Johnson got plenty of experience during practices, enhancing her focus, footwork, positioning, and the subtle nuances needed to excel on the defensive end of the floor. Handling feedback and having a growth mindset has also helped Johnson.

“If I mess up and Coach [Staley] tells me that I need to do this or something different, I must be willing to do that and pay attention,” Johnson told The Next. “I love learning, and Coach is very detailed in her instructions.”


Order ‘Rare Gems’ and save 30%

Howard Megdal, founder and editor of The Next and The IX, released his next book on May 7, 2024. This deeply reported story follows four connected generations of women’s basketball pioneers, from Elvera “Peps” Neuman to Cheryl Reeve and from Lindsay Whalen to Sylvia Fowles and Paige Bueckers.

If you enjoy his coverage of women’s basketball every Wednesday at The IX, you will love “Rare Gems: How Four Generations of Women Paved the Way for the WNBA.” Click the link below and enter MEGDAL30 at checkout.


Eventually, Johnson became part of South Carolina’s bench brigade, which averages an NCAA Tournament-best 38.8 points per game and has outscored its opponents by 32.8 points per game. In addition to grabbing a career-best seven rebounds against Maryland on Nov. 12 and handing out a career-high five assists against Morgan State on Dec. 6, Johnson is one of nine Gamecocks averaging at least 15 minutes per game.

Final Four ready

While there are many reasons why the unbeaten and No. 1 ranked Gamecocks are in the Final Four for the fourth consecutive season, there’s no denying the development Tessa Johnson has had is somewhere on that list.

Johnson entered the NCAA Tournament averaging 5.9 points but has increased her scoring average to 8.3 points in the Gamecocks’ during their run to the Final Four. A multi-level scorer, Johnson, who led South Carolina in scoring for the first time this season against Oregon State, averaged 11 points per contest in the two wins in Albany.

“I am proud of her growth,” South Carolina senior guard Ta-Hina Paopao said. “Tess has become reliable for us. We trust her. She’s not afraid to shoot or guard the other team’s best player. I am just excited for her future.”

Even with her scoring ability, Johnson knows South Carolina’s key to success in Friday’s first national semifinal against NC State:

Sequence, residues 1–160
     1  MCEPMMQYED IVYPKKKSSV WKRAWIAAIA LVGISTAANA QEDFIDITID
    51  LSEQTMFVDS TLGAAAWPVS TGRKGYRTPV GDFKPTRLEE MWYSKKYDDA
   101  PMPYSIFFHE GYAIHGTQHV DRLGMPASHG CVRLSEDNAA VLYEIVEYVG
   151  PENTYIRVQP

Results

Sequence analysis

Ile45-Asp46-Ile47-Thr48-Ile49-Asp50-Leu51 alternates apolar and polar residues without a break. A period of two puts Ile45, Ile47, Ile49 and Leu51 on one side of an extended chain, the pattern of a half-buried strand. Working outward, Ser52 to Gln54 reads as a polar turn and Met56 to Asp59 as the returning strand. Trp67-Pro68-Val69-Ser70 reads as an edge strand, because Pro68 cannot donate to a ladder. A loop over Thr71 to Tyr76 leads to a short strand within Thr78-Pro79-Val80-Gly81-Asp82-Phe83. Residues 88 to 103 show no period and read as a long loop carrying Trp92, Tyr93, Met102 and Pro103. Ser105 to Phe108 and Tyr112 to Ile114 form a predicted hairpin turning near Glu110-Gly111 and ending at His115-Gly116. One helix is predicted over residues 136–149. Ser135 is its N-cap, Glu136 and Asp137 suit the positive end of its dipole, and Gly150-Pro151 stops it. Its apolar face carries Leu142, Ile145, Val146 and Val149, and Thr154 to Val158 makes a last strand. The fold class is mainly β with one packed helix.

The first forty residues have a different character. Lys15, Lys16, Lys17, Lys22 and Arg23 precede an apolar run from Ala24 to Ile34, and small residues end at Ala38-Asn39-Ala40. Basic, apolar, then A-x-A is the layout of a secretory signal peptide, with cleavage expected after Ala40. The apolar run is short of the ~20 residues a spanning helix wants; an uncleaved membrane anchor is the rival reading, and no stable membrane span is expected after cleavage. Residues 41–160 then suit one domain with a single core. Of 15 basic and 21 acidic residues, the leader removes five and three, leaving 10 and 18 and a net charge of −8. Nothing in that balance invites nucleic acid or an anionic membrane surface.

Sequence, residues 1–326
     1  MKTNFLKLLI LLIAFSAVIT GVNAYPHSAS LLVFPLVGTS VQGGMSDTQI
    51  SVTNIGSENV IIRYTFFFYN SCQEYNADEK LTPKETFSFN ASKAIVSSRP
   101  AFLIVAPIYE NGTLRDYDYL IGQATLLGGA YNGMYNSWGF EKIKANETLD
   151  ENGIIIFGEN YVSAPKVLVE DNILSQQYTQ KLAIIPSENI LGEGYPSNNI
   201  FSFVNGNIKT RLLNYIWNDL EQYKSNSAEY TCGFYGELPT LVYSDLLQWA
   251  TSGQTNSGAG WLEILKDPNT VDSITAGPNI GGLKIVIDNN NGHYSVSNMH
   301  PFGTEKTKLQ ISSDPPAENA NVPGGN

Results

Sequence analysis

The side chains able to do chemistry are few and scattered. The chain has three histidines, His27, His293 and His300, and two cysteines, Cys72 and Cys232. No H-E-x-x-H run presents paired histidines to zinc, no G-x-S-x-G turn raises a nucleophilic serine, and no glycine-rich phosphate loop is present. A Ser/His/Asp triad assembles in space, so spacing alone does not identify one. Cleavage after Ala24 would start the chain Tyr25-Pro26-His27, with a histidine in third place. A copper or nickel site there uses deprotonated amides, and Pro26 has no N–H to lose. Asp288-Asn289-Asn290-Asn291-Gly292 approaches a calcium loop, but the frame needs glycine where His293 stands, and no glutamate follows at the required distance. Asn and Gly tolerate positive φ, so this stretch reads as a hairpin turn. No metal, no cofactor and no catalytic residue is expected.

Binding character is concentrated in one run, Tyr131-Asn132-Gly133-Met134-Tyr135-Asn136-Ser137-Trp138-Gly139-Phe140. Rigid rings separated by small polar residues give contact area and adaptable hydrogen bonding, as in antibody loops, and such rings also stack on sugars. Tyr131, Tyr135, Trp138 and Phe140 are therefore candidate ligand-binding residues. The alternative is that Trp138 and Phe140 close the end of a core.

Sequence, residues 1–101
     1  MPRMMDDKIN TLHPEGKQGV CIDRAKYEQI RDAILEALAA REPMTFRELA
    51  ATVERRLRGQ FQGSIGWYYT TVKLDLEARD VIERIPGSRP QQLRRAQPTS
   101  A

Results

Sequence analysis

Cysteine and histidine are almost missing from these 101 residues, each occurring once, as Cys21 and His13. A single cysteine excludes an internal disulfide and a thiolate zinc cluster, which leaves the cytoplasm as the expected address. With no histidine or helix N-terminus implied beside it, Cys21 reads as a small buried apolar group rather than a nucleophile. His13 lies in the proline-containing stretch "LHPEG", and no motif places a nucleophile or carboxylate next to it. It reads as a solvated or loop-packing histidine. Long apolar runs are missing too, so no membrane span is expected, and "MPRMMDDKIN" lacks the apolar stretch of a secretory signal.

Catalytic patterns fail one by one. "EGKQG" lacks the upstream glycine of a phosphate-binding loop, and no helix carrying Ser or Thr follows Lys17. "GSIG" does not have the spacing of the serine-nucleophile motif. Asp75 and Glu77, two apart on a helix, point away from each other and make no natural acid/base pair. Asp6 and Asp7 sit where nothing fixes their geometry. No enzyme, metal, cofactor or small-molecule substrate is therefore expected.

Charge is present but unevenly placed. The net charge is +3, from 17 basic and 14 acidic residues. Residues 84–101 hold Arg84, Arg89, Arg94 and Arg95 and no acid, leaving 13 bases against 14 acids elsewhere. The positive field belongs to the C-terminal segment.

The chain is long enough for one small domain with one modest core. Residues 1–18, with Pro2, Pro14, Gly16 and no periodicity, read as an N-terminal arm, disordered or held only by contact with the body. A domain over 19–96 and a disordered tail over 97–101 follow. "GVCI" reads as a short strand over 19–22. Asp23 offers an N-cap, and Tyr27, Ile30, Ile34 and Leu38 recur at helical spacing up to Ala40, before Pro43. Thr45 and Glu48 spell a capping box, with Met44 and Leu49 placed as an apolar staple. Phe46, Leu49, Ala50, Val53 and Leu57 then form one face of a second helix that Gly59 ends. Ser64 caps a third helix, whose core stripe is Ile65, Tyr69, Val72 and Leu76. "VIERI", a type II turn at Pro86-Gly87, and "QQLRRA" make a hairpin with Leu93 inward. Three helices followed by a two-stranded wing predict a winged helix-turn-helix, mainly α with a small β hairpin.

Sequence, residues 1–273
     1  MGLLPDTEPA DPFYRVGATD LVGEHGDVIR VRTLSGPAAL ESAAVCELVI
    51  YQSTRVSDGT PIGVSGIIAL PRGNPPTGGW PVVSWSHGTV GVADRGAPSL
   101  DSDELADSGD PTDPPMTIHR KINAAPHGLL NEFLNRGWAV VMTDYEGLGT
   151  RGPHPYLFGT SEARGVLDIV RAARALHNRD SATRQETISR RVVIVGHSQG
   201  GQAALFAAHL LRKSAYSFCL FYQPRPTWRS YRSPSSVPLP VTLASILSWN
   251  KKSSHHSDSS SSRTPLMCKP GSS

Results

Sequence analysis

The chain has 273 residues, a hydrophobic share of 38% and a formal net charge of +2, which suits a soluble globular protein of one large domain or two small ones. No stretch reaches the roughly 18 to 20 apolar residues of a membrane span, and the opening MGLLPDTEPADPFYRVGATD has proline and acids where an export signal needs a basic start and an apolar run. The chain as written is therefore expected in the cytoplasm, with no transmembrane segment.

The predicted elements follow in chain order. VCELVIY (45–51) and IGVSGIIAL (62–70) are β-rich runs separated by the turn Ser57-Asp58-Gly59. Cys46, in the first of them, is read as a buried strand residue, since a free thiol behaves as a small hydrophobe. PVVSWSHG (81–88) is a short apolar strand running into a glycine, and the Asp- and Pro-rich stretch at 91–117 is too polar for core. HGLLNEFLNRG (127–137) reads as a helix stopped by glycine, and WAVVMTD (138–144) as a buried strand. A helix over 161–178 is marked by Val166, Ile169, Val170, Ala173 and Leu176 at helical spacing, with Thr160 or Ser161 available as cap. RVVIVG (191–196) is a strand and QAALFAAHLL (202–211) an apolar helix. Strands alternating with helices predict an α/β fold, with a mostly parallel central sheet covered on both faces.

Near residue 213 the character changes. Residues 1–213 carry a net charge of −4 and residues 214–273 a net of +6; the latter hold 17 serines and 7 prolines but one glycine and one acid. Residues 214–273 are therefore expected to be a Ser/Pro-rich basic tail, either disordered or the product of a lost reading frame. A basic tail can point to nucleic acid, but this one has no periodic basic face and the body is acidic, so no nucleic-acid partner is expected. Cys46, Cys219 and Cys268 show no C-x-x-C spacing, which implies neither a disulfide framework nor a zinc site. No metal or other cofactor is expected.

“Defense,” Johnson said without hesitation.


The Next, a 24/7/365 women’s basketball newsroom

The Next: A basketball newsroom brought to you by The IX. 24/7/365 women’s basketball coverage, written, edited and photographed by our young, diverse staff and dedicated to breaking news, analysis, historical deep dives and projections about the game we love.


The Gamecocks have held three of their opponents to under 60 points during the NCAA tournament. Johnson’s defensive tenacity will be huge in slowing down the Wolfpack’s talented core of guards, which includes former Gamecock Saniya Rivers, a member of South Carolina’s 2022 national championship team.

More importantly, though, Johnson has earned the trust of her teammates. They know how hard she’s worked throughout the season to help place South Carolina in a position to win its third national championship under Staley. Her personality, and her game, are seamlessly blending in with the Gamecocks.

“She’s hilarious, goofy, and very funny,” South Carolina junior guard Bree Hall said during a press conference. “She brings energy and liveliness to the locker room. Tess’s growth has been tremendous. Her defense improved a lot from the beginning of the season, and just her confidence overall has grown, and you can see it on the court.”

Written by Rob Knox

Rob Knox is an award-winning professional and a member of the Lincoln (Pa.) Athletics Hall of Fame. In addition to having work published in SLAM magazine, the Philadelphia Inquirer, the Washington Post, and Diverse Issues In Higher Education, Knox enjoyed a distinguished career as an athletics communicator for Lincoln, Kutztown, Coppin State, Towson, and UNC Greensboro. He also worked at ESPN and for the Delaware County Daily Times. Recently, Knox was honored by CSC with the Mary Jo Haverbeck Trailblazer Award and the NCAA with its Champion of Diversity award. Named a HBCU Legend by SI.com, Knox is a graduate of Lincoln University and a past president of the College Sports Communicators, formerly CoSIDA.

Leave a Comment

You must be logged in to post a comment.